The head of DW's Dari and Pashto Service, Waslat Hasrat Nazimi, has dedicated her new book to highlighting the human rights violations women and other marginalized groups — including journalists — face in Afghanistan.
Since returning to power last year, the Taliban have dismantled most human rights that had been won in the past two decades. But there are also many things that have been misunderstood about Afghanistan ever since the US invasion in 2001.
Waslat Hasrat Nazimi, the head of DW's Dari and Pashto Service, addresses the role of the media and the power of images in the public eye in creating such wrong interpretations — especially the one-sided portrayal of the Afghan society — in her new book titled "The Lionesses of Afghanistan."
Ms. Hasrat-Nazimi, what prompted you to write the book "The Lionesses of Afghanistan"?
After the Taliban took power in Afghanistan, the rights of women and marginalized groups were successively undermined. Today, women and girls live under systematic oppression and have been banned from the public sphere. It was important for me to do my part to draw attention to what has gone wrong, what could be done better, and what women in Afghanistan are doing today to resist this.
Afghan female students protest as they march from the University of Herat after a suicide bomb attack in a learning centre in Kabul in October, 2022
It is important that Afghan people, especially women, are not forgotten, and that awareness is raised about what has become of the 20-year mission of NATO allies (in the country). We cannot simply let the achievements of the last two decades, as well as those of the period before, be erased once again.
You use one prominent example, the "Afghan Girl," to exemplify the sometimes simplistic and stereotypical portrayal of Afghan society. You say, among other things, that images like these helped to legitimize the "war on terror," and also speak of sensationalism in journalism. What role do images, or the media in general, play in the portrayal of Afghanistan?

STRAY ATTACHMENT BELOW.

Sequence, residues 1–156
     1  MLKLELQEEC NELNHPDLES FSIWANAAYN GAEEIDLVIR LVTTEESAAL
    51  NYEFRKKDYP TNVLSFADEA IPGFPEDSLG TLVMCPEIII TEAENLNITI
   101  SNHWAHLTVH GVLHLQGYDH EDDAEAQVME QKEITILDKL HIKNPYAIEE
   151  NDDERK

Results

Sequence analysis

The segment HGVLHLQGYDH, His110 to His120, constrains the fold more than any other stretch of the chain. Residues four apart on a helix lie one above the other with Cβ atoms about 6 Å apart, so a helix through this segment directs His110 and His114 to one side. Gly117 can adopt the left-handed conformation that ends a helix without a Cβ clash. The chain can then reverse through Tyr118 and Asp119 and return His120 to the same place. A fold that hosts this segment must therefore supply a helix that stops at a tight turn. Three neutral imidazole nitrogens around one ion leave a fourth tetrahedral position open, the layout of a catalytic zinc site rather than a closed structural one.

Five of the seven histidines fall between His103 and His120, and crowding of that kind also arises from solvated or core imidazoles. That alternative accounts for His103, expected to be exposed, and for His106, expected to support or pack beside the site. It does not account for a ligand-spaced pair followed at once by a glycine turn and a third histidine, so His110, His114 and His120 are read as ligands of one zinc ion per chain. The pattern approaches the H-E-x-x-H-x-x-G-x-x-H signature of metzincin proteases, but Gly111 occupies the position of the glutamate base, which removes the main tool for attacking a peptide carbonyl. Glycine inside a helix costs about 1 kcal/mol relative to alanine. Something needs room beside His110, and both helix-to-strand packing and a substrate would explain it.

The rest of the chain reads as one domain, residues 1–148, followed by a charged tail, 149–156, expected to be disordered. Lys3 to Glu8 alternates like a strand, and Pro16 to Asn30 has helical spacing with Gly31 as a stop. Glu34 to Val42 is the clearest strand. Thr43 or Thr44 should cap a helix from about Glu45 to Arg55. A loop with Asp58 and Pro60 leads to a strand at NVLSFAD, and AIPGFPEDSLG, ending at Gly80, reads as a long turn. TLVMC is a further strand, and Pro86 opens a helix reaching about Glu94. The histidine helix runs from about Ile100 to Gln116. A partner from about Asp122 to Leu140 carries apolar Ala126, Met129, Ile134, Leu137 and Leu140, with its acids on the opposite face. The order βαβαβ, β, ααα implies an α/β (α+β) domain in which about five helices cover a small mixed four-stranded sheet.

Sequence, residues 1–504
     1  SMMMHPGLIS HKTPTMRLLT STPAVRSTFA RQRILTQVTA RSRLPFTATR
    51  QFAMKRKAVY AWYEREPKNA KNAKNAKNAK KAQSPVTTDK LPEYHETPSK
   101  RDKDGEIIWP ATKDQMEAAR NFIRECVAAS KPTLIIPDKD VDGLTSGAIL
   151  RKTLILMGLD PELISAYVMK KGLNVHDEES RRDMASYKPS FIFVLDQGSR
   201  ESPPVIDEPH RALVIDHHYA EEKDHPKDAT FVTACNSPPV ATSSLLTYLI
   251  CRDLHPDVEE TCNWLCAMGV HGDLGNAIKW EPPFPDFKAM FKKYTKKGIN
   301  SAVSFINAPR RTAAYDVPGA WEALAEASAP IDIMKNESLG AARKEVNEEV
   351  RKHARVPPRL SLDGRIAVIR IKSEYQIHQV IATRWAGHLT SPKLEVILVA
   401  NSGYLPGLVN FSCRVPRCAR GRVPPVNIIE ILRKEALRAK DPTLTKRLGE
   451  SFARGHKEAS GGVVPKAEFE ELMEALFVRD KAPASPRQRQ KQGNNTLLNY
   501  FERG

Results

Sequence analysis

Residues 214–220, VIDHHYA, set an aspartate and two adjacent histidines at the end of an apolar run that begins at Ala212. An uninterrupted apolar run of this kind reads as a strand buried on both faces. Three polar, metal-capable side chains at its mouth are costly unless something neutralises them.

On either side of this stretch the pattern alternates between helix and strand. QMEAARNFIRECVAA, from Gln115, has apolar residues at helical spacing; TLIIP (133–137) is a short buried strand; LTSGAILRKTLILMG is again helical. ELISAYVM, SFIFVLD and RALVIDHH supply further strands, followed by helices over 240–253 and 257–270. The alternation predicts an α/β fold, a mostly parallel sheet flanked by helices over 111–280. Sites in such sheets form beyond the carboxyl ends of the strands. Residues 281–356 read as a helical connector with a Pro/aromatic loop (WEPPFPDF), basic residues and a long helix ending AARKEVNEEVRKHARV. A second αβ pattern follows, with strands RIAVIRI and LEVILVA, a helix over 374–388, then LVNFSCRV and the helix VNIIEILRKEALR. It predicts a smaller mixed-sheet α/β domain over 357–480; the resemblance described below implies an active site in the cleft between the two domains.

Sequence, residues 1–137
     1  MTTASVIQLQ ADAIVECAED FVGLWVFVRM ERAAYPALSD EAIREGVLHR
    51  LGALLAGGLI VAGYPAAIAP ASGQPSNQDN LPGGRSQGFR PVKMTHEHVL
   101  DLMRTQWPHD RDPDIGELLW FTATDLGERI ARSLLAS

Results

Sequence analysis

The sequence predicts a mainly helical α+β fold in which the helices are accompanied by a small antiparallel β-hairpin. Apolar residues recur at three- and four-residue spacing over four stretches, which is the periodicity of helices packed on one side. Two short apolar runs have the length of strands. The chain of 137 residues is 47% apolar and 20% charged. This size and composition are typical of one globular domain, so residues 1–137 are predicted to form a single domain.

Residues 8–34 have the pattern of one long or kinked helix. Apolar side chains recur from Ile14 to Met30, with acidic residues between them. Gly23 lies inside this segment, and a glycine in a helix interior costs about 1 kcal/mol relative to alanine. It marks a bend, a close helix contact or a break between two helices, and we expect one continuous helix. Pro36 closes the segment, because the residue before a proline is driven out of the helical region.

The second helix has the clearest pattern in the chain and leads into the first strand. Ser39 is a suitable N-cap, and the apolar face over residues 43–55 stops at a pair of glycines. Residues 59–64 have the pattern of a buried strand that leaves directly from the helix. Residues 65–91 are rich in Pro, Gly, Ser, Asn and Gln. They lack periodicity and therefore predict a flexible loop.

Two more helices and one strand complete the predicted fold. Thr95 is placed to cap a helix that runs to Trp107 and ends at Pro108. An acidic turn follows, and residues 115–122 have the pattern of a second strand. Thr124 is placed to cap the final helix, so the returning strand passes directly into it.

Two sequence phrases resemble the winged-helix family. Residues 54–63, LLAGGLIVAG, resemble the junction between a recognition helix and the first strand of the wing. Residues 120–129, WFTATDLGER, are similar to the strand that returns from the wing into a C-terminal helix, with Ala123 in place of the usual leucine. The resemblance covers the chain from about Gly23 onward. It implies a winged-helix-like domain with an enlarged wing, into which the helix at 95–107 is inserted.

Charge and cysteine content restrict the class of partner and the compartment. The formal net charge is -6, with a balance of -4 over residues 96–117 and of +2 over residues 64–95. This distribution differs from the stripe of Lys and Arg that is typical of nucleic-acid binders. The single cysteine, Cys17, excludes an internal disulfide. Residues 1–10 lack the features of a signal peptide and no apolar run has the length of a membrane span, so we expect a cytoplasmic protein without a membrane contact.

'Afghan Girl' (Pakistan, 1984) shown at exhibition 'Steve McCurry Retrospective' at Kunsthalle in Erfurt, Germany
We all have certain images in our minds when we think of Afghanistan. For people who have not been to Afghanistan, these are mainly shaped by the news. Mainly, it's a woman in a burqa, a bearded man with a Kalashnikov, and desert-like landscapes. The Afghan population was rarely ever noticed at all in its complexity, three-dimensionality and ethnic and religious diversity.
This was especially true for women. There were only two extremes: the exoticized beauty — like in the famous photograph "The Afghan Girl" — or the pitiful victim like Bibi Aisha with the severed nose. Images like these may help legitimize the purpose of war, but they have not helped women to achieve greater emancipation and self-determination.
With the withdrawal of troops, the media landscape in Afghanistan has also deteriorated drastically. Reporters without boarders lists the country at 156th place — down 34 from 2021. In your estimation, how has the media portrayal of Afghanistan changed after the withdrawal of the US and its allies?
Now that the US and its allies are no longer deployed and no longer present in the country, there has been a massive decline in media coverage in the Western world. There is a general impression that a kind of freedom still exists, and that the Afghan people would have liked to see the Taliban in power.
However, this assumption is false and serves a perpetrator-victim reversal narrative. Currently, over 95% of Afghans do not have enough to eat. This is one of the world's greatest hunger crises, but it is virtually absent from the media. At the same time, terrorist attacks and fighting continue. But this is also largely ignored.
You criticize the one-sided portrayal of Afghanistan. What would you like to see in terms of the portrayal of such conflict regions, and what tips can you give journalists to this end?
My wish would be that media reporters who have reported on Afghanistan would take heart and ask themselves what they personally would have done differently, and what they would do differently in the future. Of course, the situation cannot be transferred directly to other countries in conflict, but there are parallels and similar mistakes being made there as well.
In my opinion, the people affected by war and conflict should come first, and not the extent to which we are affected here in Europe. After all, a realistic view of conflicts also requires that we see those affected as three-dimensional beings who have their own life plans, goals and dreams. This humanity must be respected and portrayed.
This interview was conducted by Clemens Lampe.
Editor: Jovana Kastratovic, Sertan Sanderson